Zoku Miyamoto Musashi: Ichijôji no Kettô (Samurai II: Duel at Ichijoji Temple) (Swords of Doom)

1955

Zoku Miyamoto Musashi: Ichijôji no Kettô (Samurai II: Duel at Ichijoji Temple) (Swords of Doom)

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User Ratings: 3,465
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Movie Info

Samurai 2: Duel at Ichijoji Temple follows the adventures of the 17th-century samurai Musashi Miyamoto (Toshiro Mifune), as he wanders through feudal Japan learning the ways of a samurai warrior. ~ Stephen Thomas Erlewine, Rovi

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Cast

Toshiro Mifune
as Musashi Miyamoto
Koji Tsuruta
as Kojiro Sasaki
Yu Fujiki
as Denshichiro Yoshioka
Kuninori Kodo
as Old Priest Nikkan
Eijirô Tono
as Baiken Shishido
Akihiko Hirata
as Seijuro Yoshioka
Daisuke Katô
as Toji Gion
Mitsuko Mito
as Oko Matahachi's mother
Sachio Sakai
as Matahachi Honiden
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Critic Reviews for Zoku Miyamoto Musashi: Ichijôji no Kettô (Samurai II: Duel at Ichijoji Temple) (Swords of Doom)

All Critics (1)

  • Samurai II: Duel at Ichijoji Temple opens with a very a different Takezo, having now adopted his samurai name of Miyamoto Musashi and delivering a thrilling victory against a chain and sickle- wielding opponent.

    Jan 17, 2017 | Rating: 5/5

Audience Reviews for Zoku Miyamoto Musashi: Ichijôji no Kettô (Samurai II: Duel at Ichijoji Temple) (Swords of Doom)

  • Apr 16, 2016
    Hiroshi Inagaki's 1955 film "Samurai II: Duel at Ichijoji Temple" picks up where the last one ended as Musashi leaves the Priest in search of Enlightenment and finding disappointment with the Samurai's lost values. Toshiro Mifune returns, as does many cast members from the first film in the "Samurai Trilogy." The only exception is that Rentaro Mikune is replaced by Sachio Sakai in the role Matahachi. This film isn't as lush or beautiful as the first film but more bleak and cold. The violence is there, but there's also a love triangle involved between Musashi and Otsu (Kaoru Yachigusa) and Musashi and Akemi (Mariko Okada). But both women ultimately find out that he has only one love and that's the sword. Mifune's character becomes master of two blades as the real Miyamoto was and the very first scene when he fights a man with a chain and sickle. Once he defeats the man he is told that he is too strong. His personal enlightenment continues through this film.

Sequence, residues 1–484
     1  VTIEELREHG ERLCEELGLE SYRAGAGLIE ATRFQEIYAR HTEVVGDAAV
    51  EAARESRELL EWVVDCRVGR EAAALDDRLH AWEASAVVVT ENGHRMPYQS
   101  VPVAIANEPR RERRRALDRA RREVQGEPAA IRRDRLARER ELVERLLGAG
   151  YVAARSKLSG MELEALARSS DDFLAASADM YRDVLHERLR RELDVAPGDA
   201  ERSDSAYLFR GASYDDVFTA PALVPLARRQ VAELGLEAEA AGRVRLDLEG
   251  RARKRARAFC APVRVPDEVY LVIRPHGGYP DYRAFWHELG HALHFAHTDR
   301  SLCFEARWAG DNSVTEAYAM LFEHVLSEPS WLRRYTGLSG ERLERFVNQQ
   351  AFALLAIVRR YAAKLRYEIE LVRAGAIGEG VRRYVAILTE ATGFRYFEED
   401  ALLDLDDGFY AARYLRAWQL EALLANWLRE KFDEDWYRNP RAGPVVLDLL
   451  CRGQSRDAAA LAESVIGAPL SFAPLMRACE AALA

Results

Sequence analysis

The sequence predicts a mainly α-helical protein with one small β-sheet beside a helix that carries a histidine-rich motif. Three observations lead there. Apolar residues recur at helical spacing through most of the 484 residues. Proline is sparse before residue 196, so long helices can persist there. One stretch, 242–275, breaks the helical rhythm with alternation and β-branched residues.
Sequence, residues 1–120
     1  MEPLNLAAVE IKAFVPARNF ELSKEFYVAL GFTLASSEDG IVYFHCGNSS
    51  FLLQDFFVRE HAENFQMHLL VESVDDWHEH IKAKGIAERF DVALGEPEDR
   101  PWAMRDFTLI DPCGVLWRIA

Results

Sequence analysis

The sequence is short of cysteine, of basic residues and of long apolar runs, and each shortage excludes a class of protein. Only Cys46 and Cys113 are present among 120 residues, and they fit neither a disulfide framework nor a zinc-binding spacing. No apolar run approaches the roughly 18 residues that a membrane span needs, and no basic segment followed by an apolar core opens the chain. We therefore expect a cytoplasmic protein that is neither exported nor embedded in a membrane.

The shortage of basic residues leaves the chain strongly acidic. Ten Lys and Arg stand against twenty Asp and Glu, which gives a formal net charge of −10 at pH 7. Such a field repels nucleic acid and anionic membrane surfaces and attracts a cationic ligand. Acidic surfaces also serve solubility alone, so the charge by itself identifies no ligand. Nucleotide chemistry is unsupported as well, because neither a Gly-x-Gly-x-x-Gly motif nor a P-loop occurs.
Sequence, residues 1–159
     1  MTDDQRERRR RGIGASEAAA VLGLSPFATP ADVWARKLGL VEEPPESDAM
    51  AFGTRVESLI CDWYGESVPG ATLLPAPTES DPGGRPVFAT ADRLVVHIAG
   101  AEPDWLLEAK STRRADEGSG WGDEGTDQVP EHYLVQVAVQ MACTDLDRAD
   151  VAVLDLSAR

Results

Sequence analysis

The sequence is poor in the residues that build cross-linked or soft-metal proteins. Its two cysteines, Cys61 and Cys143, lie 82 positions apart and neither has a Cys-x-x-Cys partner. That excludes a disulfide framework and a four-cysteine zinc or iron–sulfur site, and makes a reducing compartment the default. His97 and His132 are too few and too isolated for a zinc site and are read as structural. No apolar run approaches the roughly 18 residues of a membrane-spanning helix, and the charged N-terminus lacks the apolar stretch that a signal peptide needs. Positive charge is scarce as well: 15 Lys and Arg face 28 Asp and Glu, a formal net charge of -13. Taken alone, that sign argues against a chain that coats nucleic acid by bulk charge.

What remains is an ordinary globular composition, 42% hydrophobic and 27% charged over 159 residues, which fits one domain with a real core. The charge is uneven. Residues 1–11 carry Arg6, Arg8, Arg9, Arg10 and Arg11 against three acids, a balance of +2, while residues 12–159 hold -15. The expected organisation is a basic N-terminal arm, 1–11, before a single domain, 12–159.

Joseph B Super Reviewer
  • Jul 08, 2011
    Holy shit this was Radical!!! Truly one of the best opening's ever for this genre! Hiroshi Inagaki, director of I'm the Bodyguard, Woman of Shanghai, Samurai 1, 2 &3 bring's us one of the most outstanding of the Samurai ever and the 50s. Awesome plot and acting and great insite to my culture!
    Keiko A Super Reviewer
  • Jun 13, 2011
    Samurai II: Duel at Ichijoji Temple is an even more fierce and intense look at Miyamoto and his progress to become a master samurai. This is the first film that has Kojiro Sasaki as a young and powerful samurai who both admires Miyamoto but longs to be the best. Amazing battles are peppered throughout the film with the final battle between Seijuro Yoshioka and Miyamoto finally materializing after 80 of Seijuro's men battle Miyamoto alone. We finally see, in his mercy, Miyamoto becoming a true samurai with compassion and control. When he finally gives in and tries to be with Otsu, she denies him for what seems like no reason and in this action Miyamoto swears off all women and continues his travels. The cinematography here and acting as well as the battle sequences make this is a must see samurai film and essential for viewing the Samurai Trilogy as a whole.
    Chris B Super Reviewer
  • May 26, 2009
    A worthy sequel and a fairly good continuation to the original story as the second part of a famous Samurai trilogy, this film does everything in its power to try to top the original. It certainly didn't, but it deserves a lot of recognition as a good film within the genre. The reasons why I think it didn't top the first part is because whereas the first film focused more on the epic feeling of it, the development of the characters and a certainly wonderful plot, this film had already the advantage of having all of those elements previously elaborated. Fortunately, the whole trilogy was directed by Inagaki, but this time he got rid of the epic feeling of the story and applied it a Kurosawa touch to it, that is, more action-oriented. We even have now a more disciplined and skillful warrior, masterfully interpreted by Toshirô Mifune, than the stubborn and coward one we had before. Although I first thought that the change of filmmaking style and the action-oriented characteristic would ruin this entry, I was pleasantly surprised to see that this is almost as good as the original, let alone the absolutely breathtaking climatic battle sequence... Must be seen to be believed. 84/100
    Edgar C Super Reviewer

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